Scenario (b) focuses on process design using Design For Six Sigma (DFSS) approach. DFSS typically requires IDOV:

1. Identify process goals in terms of critical parameters, industry & competitor benchmarks, VOC

2. Design involves enumeration of potential solutions and selection of the best

3. Optimize performance by using advanced statistical modeling and simulation techniques and design refinements

4. Validate that design works in accordance to the process goals

Sometimes a DMAIC project may turn into a DFSS project because the process in question requires complete re-design to bring about the desired degree of improvement. Such a discovery usually occurs during improvement phase of DMAIC.1.3 What is TRIZ?

While there are many widely used design and development approaches such as Quality Function Deployment, these show us what to solve but not always how to solve the technology bottlenecks that arise. One technique, the Reviewed Dendrogram, relies on the experience of designers which may be limited to certain areas of expertise such as chemistry or electronics. Thus, a solution that might be simpler and cheaper using magnetism could be missed. For example, a materials engineer searching for a dampener may limit his search to rubber based materials. A more efficient solution might lie in creating a magnetic field. Since this is outside the experience of the engineer, how could he imagine such a solution? Using TRIZ i.e. Theory of Inventive Problem Solving, he would be able to explore design solutions in fields other than his own.

There are two kinds of problem solutions:

1. Applying from standard solutions

2. Inventive Problem.: with no known solution and may contain contradictory requirementsThe non-existence of a solution leads to what is called psychological inertia, where the solutions being considered are within one's own experience(domain) and do not look at alternative options to develop new concepts.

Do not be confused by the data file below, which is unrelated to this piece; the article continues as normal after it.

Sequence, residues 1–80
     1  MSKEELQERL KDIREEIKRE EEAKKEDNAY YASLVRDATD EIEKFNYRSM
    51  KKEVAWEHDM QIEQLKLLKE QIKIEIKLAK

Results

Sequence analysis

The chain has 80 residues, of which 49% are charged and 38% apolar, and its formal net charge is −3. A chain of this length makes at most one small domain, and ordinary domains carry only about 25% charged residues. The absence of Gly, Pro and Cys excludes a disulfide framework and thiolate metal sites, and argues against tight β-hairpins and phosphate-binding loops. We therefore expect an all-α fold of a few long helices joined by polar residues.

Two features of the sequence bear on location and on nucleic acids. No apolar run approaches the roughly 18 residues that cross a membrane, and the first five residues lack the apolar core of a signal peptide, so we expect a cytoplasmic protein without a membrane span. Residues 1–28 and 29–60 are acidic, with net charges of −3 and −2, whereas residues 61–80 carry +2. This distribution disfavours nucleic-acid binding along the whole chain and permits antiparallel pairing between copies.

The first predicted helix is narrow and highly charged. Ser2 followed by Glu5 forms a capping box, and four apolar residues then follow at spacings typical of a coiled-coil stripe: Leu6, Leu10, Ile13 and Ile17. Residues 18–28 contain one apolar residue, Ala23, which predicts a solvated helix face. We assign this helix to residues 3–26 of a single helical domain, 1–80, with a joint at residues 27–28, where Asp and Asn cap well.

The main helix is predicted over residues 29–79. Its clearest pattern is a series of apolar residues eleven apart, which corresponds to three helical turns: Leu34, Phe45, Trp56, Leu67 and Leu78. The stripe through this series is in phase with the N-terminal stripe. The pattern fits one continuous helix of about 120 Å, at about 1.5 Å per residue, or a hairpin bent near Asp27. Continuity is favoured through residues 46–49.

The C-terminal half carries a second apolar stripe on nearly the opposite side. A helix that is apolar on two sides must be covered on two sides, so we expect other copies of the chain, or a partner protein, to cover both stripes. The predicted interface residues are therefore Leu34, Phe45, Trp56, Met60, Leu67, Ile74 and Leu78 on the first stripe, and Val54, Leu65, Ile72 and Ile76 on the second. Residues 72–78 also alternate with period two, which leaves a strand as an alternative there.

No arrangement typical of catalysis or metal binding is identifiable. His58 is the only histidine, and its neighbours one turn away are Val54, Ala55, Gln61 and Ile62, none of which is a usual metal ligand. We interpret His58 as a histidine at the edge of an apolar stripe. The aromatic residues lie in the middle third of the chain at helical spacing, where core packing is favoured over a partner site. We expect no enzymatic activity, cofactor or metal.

Figure 2:psychological inertiaExample of psychological inertia

A problem in using artificial diamonds for tool making is the existence of invisible fractures. Traditional diamond cutting methods often resulted in new fractures which did not show up until the diamond was in use. What was needed was a way to split the diamond crystals along their natural fractures without causing additional damage. A method used in food canning to split green peppers and remove the seeds was used. In this process, peppers are placed in a hermetic chamber to which air pressure is increased to 8 atmospheres. The peppers shrink and fracture at the stem. Then the pressure is rapidly dropped causing the peppers to burst at the weakest point and the seed pod to be ejected. A similar technique applied to diamond cutting resulted in the crystals splitting along their natural fracture lines with no additional damage.

1.4 TRIZ tools

TRIZ has a set of general principles (40) that may be used to resolve the contradiction in the system, based on observations collected from the analysis and decomposition of patents. This analysis allows the practitioner to convert, by abstraction, from the specific to the generic and allows the problem solver to take advantage of the fact that elements of the problem in question have already been solved by someone else.

Contradiction theory is the foundation of TRIZ. The abstraction of a generic problem may be carried out by identifying the technical contradiction in th